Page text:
It’s the first week of November which means the ramp up to the holiday seasons has begun. Regardless of your company’s industry, the holidays probably means three things: a higher volume of customer service inquiries, anxious customers seeking fast answers, and customer service agents taking time off.
It’s the perfect storm.
Granted, most of the customers’ concerns aren’t new. You address these common questions time and time again:
- Where is my order?
- Where can I find more information about your product or service?
- What’s your return policy?
- What kind of warranty do you offer?
… there’s just going to be a higher volume of these requests coming in, paired with everything else you already deal with … along with possibly fewer agent resources and harried customers.
But you’re prepared for this, right? Because in the last several years, you followed the advice of experts like Forrester Research. Forrester has again and again (and again!) made it clear that customer self-service is more than just a priority for businesses but now table stakes in customer service. Why? Because customers have become accustomed to it, use it, and even prefer solutions available anytime, anywhere with no waiting. And for the business, providing self-service answers to common problems delivers benefits, as well: service costs are reduced when agents aren’t tied up with solving simple, high-volume work and they can turn their attention to more complex issues.
Though you have self-service available today, don’t be too quick to pat yourself on the back. Just because these options are in place doesn’t mean you’re completely prepared for the holidays.
The problem is self-service solutions that worked when created may not be working now. Solutions must be periodically tested. Consider the following examples:
- Knowledge base – an article might have initially contained useful information about a product or service, outlining key features and specs. When that product was revised during the last update cycle, is that same information still correct or has it changed?
- Automated solutions – many companies offer online order tracking forms, offering a faster and easier way to check status–that is, until the backend business rules and connected systems change. Does the workflow connecting the online tracking form still correctly connect to the right systems?
These two examples result in the customer receiving incorrect information or their self-service request fails.
Nothing in business stays the same for long. It’s all too common for changes and improvements occurring elsewhere in the business to cause disruptions, and nowhere is this truer than in customer self-service. If you haven’t been monitoring and maintaining your self-service offerings, they can quickly become irrelevant, less useful to customers, and even cause customer frustration.
The best practice here is to set periodic review dates for all self-service solutions to ensure information intended to help customers doesn’t end up frustrating them instead. If an inspection hasn’t occurred recently, take the time now to audit your self-service.
Similar to validating each self-service option still functions as intended, some may no longer be necessary. This might be due to product obsolescence, a change in process or policy, etc. Reviewing customer usage by running usage reports is also handy to determine the self-service solutions no longer being accessed by customers.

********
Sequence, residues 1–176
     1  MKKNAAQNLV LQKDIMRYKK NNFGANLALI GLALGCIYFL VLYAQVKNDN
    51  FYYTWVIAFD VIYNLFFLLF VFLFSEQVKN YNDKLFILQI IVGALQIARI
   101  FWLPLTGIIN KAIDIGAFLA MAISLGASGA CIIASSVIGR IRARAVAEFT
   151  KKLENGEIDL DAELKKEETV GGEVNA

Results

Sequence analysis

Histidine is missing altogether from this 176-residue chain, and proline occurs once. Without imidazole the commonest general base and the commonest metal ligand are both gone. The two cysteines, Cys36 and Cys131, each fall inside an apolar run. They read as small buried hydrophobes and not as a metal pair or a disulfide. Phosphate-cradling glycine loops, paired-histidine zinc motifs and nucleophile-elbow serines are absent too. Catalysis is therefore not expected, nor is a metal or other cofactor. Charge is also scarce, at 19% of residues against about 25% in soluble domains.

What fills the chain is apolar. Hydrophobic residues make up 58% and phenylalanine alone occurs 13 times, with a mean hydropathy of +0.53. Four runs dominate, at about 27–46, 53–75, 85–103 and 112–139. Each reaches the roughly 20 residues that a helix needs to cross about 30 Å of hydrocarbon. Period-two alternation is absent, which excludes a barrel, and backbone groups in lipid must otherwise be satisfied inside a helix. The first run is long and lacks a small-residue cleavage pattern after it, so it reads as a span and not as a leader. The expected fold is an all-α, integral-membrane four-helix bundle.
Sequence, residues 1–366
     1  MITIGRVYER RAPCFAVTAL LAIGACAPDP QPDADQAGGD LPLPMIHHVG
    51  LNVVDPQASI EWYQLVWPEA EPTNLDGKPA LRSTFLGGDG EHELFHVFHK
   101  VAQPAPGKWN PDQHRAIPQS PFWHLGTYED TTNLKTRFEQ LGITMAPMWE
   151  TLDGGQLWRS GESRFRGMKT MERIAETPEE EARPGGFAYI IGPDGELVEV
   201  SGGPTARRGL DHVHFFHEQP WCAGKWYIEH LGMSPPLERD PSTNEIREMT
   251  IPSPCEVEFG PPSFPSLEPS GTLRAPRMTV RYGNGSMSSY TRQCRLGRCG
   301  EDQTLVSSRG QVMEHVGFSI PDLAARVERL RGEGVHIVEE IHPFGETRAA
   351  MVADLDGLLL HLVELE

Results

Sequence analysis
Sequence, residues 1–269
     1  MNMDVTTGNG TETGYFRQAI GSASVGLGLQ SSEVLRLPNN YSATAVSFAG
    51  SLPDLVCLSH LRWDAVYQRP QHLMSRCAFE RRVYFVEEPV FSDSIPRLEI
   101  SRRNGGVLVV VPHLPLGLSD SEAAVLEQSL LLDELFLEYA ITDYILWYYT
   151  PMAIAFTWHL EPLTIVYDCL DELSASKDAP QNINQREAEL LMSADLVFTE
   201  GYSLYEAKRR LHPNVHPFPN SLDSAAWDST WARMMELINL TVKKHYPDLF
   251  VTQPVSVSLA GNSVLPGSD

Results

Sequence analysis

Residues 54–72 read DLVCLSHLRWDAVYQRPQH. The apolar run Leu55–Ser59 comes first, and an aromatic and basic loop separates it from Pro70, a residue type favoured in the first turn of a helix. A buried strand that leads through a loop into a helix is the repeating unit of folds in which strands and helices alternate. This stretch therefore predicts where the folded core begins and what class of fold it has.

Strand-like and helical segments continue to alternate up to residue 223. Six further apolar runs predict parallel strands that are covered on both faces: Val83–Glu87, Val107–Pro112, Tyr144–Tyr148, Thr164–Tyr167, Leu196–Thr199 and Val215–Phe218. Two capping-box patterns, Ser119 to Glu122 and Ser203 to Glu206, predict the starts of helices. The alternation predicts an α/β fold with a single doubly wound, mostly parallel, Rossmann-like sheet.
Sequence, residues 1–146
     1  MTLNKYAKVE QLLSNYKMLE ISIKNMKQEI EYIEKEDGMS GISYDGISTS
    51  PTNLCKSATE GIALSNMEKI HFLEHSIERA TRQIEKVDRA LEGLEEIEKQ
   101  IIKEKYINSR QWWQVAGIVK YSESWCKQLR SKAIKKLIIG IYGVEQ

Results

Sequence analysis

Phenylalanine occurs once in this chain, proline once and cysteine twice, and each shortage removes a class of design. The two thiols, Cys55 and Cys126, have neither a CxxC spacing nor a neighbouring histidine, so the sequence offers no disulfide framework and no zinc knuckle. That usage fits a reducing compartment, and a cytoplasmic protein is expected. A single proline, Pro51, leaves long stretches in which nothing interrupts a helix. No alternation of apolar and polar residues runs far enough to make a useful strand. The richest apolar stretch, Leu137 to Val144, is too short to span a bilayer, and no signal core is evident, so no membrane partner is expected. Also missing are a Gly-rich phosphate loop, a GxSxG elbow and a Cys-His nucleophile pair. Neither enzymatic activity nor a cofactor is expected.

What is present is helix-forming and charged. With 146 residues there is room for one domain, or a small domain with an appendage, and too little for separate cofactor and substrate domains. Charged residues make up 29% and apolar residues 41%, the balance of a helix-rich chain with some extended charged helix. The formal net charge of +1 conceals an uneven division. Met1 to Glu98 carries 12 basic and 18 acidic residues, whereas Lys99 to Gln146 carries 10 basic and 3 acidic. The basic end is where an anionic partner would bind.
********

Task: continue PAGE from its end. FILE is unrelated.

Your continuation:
Take these steps to eliminate self-service options that only serve to clutter up the system. The more self-service solutions that exist (especially in a knowledge base), the more challenging it is for customers to browse and search. These unneeded options lengthen search results and may cause customers to choose incorrect solutions (creating frustration or confusion, which then result in them taking their problem to live service channels). Adding to that, the more challenging it is for the customers to use your self-service, the less confidence they will have in it and the less likely they are to use it in the future. It’s also a negative impact on their overall customer experience.
Two other things that don’t stay the same: customer expectations for self-service and the self-service channel landscape. While it’s too late to safely launch a new self-service channel prior to the holidays and have it be effective, that doesn’t mean you shouldn’t start planning for the next holiday or high-volume period.
Look around at competitors’ and even non-competitors’ self-service channels. How do your offerings compare? Are you lacking any of the more modern options, such as online communities, live chat, or a chatbot?
Once you have some ideas for new self-service options, don’t just start implementing them. Your customers will have opinions to share. Make them a part of the decision through surveys and interviews.
Customers expect self-service and providing solutions online to customers around the clock reduces the workload on your service team. This is especially important during hectic periods.
As the holiday season gets underway, customer service volume is going to start ticking up. Customers will be more pressed for time. Agents will be out for holiday vacations. Now is the time to perform a check on all self-service channels, verifying solutions for validity and that desired outcomes are still occurring. If there are any that are no longer needed, remove them. Tying up those loose ends now will help ensure a smooth holiday season.